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Dog Problem: Puppy Soiling Crate

Common Reasons Puppies Have Crate Accidents

Crates are an excellent tool for training your puppy and giving them a safe place to relax. Dog crates can be a great way to house-train your pup, but some pups have random accidents in them. The problem you’re trying to avoid by using the crate in the first place might happen! Unless the accidents are few and far between, there is no reason to be alarmed or concerned. But should your puppy decide to make a habit of releasing their bowels in the crate, there are some common reasons for this recurring issue.
  • Anxiety
    Some dogs can’t stand the crate due to the small, confined space. Watch for signs of stress when you place your pet in the container. An anxious dog could pee or poop uncontrollably.

  • Upset Stomach
    Consider the food and treats you are giving your puppy if you notice they have an upset stomach, diarrhea, or other symptoms. 


  • Crate Size
    It’s essential to choose the right dog crate for your pup. Refer to a size chart to ensure recommended sizing. If the crate is too large, the puppy has too much room to go potty on one end and sleep on the other. On the other hand, if the space is too small, it could cause anxiety, which could bring on bladder or stomach issues. 


  • Improper Potty Training 
    Your puppy could be soiling their crate because they don’t know any better. Before crating a dog for an extended period, you must ensure that they are housebroken and have the bathroom routine down pat! You can still use the crate during the potty training, but we recommend doing so for only a short period. 


  • Disrupted Routine 
    It’s crucial for your dog to have a routine, so make sure you feed them at the same times throughout their day and relate it directly with time spent in the crate. If your dog has just eaten, it is best that you wait at least 30 minutes before crating them to allow time for a bowel movement.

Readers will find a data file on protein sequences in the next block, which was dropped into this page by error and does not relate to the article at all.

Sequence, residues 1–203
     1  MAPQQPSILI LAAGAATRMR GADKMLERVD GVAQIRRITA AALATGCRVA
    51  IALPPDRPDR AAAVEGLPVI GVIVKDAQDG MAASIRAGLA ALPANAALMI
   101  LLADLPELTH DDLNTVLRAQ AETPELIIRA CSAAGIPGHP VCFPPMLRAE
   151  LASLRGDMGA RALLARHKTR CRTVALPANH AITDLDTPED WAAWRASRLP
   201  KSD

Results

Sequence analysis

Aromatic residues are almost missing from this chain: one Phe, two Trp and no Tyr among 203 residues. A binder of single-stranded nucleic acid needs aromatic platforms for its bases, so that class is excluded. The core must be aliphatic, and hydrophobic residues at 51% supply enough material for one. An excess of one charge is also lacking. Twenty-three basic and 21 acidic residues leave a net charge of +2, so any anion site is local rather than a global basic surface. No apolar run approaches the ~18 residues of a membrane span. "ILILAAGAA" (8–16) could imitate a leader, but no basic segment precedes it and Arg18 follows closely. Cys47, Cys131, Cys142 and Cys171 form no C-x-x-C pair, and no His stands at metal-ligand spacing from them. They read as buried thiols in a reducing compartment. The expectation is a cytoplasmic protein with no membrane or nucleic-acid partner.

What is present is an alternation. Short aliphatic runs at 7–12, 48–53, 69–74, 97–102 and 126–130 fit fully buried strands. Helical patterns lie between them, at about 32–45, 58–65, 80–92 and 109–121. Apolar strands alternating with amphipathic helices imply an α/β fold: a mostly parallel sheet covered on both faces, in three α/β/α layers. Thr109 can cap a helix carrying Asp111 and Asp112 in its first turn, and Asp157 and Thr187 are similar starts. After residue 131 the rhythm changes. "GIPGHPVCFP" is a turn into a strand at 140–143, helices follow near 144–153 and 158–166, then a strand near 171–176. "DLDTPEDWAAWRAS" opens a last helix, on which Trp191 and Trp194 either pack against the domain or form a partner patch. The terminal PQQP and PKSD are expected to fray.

Tips to Training Against Potty Accidents in the Crate

The best way to help your dog is by being calm and patient. A stressed or upset human can make the situation worse for both of you, so stay relaxed!

  • Pay Attention to Puppy Clues
    If your pup is having trouble holding urine at night, it could be because the bladder control muscles haven’t developed enough. It’s common for most young puppies to be carried outside once at night to release their bladder. 


  • Give Proper Crate Training
    Your puppy should see the crate as a quiet place of refuge and retreat. During training, give your pup a treat or toy when they are in the crate during the day. When he willingly enters, give praise and a reward. You can eventually stop giving treats as they become accustomed to their crate.


  • Keep a Consistent Schedule
    To help your puppy successfully use the bathroom, you should maintain a regular schedule for feeding and potty breaks. You can usually predict when your furry friend will need to go potty when you keep the same routine. 


  • Exercise is Essential 
    Walking and playing with your puppy are beneficial for many reasons. When it comes to crate training, a tired dog will sleep all night long without waking up to use the bathroom. The same goes for during the day. Staying on a routine with your walks and playtime will help your pup be less anxious or bored when in the crate. 


  • Don't Punish Your Puppy 
    When your pup has soiled the crate, do not yell or push its nose into the urine or feces. They will have no idea what is going on, and you can potentially cause more harm and regression. Instead, take your puppy out to the potty spot and allow them to try again, then clean up the mess and wash any bedding if needed.